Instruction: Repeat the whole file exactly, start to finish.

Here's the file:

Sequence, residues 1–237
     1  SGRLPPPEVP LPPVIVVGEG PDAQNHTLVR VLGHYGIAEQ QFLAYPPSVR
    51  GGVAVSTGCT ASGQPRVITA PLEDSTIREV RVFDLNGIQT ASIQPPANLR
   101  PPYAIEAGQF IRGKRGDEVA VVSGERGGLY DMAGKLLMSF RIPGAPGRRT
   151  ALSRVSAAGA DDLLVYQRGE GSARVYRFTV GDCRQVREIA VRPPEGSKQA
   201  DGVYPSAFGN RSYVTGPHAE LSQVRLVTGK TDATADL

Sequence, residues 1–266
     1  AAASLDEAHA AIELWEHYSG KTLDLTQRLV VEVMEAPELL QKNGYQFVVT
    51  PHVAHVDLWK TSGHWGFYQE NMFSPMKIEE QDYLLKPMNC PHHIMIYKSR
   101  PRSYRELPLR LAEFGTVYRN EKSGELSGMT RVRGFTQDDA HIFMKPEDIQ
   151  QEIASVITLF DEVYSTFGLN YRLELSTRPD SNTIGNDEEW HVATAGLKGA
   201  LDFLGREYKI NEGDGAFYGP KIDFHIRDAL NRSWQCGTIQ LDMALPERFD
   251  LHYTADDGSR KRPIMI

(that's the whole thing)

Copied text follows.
Sequence, residues 1–237
     1  SGRLPPPEVP LPPVIVVGEG PDAQNHTLVR VLGHYGIAEQ QFLAYPPSVR
    51  GGVAVSTGCT ASGQPRVITA PLEDSTIREV RVFDLNGIQT ASIQPPANLR
   101  PPYAIEAGQF IRGKRGDEVA VVSGERGGLY DMAGKLLMSF RIPGAPGRRT
   151  ALSRVSAAGA DDLLVYQRGE GSARVYRFTV GDCRQVREIA VRPPEGSKQA
   201  DGVYPSAFGN RSYVTGPHAE LSQVRLVTGK TDATADL

Sequence, residues 1–266
     1  AAASLDEAHA AIELWEHYSG KTLDLTQRLV VEVMEAPELL QKNGYQFVVT
    51  PHVAHVDLWK TSGHWGFYQE NMFSPMKIEE QDYLLKPMNC PHHIMIYKSR
   101  PRSYRELPLR LAEFGTVYRN EKSGELSGMT RVRGFTQDDA HIFMKPEDIQ
   151  QEIASVITLF DEVYSTFGLN YRLELSTRPD SNTIGNDEEW HVATAGLKGA
   201  LDFLGREYKI NEGDGAFYGP KIDFHIRDAL NRSWQCGTIQ LDMALPERFD
   251  LHYTADDGSR KRPIMI